Who Will Run New Orleans?

Photo by Mario Tama/Getty Images
Photo by Mario Tama/Getty Images

For the last several years, New Orleans has been working to bill itself to the movie industry as the “Hollywood South.” Yet with a wide-open mayor’s race to replace the term-limited and oft-investigated C. Ray Nagin on the horizon for next February, New Orleans might be bringing an unwanted side effect from its California courtship: celebrity-driven circus elections.


New Orleans’ slow recovery process has been nothing short of an absurd tragedy. Big business has been given the red-carpet treatment while basic social services are tossed to the cutting room floor.

And now with its 2010 mayoral elections, post-Katrina New Orleans is holding an open-casting call. Will an A-lister sacrifice a luxurious lifestyle to stay on-location for four challenging years? Or is this the role that only an undiscovered no-name can play?

Let’s take a look at some headshots:

This image was lost some time after publication.
This image was lost some time after publication.
This image was lost some time after publication.
This image was lost some time after publication.

1. Karen Carter Peterson

You may remember the current speaker pro tem of the Louisiana legislature from such losing electoral efforts as her embarrassing 2006 defeat at the hands of then-indicted and now-convicted former Congressman “Dollar” Bill Jefferson. Nonetheless, she has a big network of potential donors to tap and hails from one of the only political machines still-standing after Katrina and a series of indictments took out the others. An undeclared candidate, she could just as easily opt to take another crack at the Louisiana second Congressional seat.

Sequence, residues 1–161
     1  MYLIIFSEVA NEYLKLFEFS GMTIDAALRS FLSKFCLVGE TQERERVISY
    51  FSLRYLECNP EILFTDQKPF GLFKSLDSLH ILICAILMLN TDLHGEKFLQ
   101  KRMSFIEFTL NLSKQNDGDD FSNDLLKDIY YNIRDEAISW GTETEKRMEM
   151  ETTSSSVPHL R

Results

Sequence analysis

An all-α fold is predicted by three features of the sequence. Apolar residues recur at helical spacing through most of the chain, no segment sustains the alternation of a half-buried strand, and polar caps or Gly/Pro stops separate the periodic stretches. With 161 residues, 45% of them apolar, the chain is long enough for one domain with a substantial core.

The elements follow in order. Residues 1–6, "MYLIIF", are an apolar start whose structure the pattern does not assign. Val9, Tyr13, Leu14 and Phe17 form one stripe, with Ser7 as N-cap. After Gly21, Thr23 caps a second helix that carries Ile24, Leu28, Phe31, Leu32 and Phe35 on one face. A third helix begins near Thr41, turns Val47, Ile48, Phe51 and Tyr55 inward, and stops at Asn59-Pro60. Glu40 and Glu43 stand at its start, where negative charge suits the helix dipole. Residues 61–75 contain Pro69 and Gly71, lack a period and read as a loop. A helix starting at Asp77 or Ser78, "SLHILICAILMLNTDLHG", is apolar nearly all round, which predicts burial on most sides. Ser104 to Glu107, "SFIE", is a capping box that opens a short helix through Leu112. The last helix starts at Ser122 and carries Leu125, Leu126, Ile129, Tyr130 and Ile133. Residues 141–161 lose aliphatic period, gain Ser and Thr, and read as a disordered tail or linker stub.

Pros: Experience, electoral machine, citywide name recognition

Cons: Experience, electoral machine, citywide name recognition

Odds: 10-1

2. Brad Pitt

Perhaps victims of a clever T-shirt marketing campaign, New Orleanians have put more “Brad Pitt for Mayor” signs in their windows than for any other candidate. Pitt is building more homes in the devastated Lower Ninth Ward than anyone else and can, for some reason, more easily obtain meetings with Nancy Pelosi and other congressional leaders than the current mayor. He recently told Ann Curry of Today, "I'm running on the gay marriage, no religion, legalization and taxation of marijuana platform. I don't have a chance." Hmm, actually that might play pretty well.


Pros: Did you see that platform?

Cons: Meet Joe Black

Odds: 75-1

3. John Georges

Georges, a self-made billionaire who capitalized on the legalization of poker machines, is an old friend of lame-duck Mayor Nagin; the two used to own a now-defunct minor league hockey team together. Georges recently ran for governor of Louisiana as an independent but failed to crack 20 percent of the vote. He could be a major threat because of his vast personal wealth and his past willingness to use it. There are rumors he’s prepared to dump $10 million of his own money into the race, if in fact he ever declares his candidacy. However, it’s pretty tough to emerge from a lifetime of involvement in New Orleans politics and the gambling industry without more than a few big-mouthed enemies.


Pros: Big league campaign coffers, name recognition, ambition
Cons: Minor league policy experience, big business ties, a consummate insider

Odds: 11-1

4. Austin Badon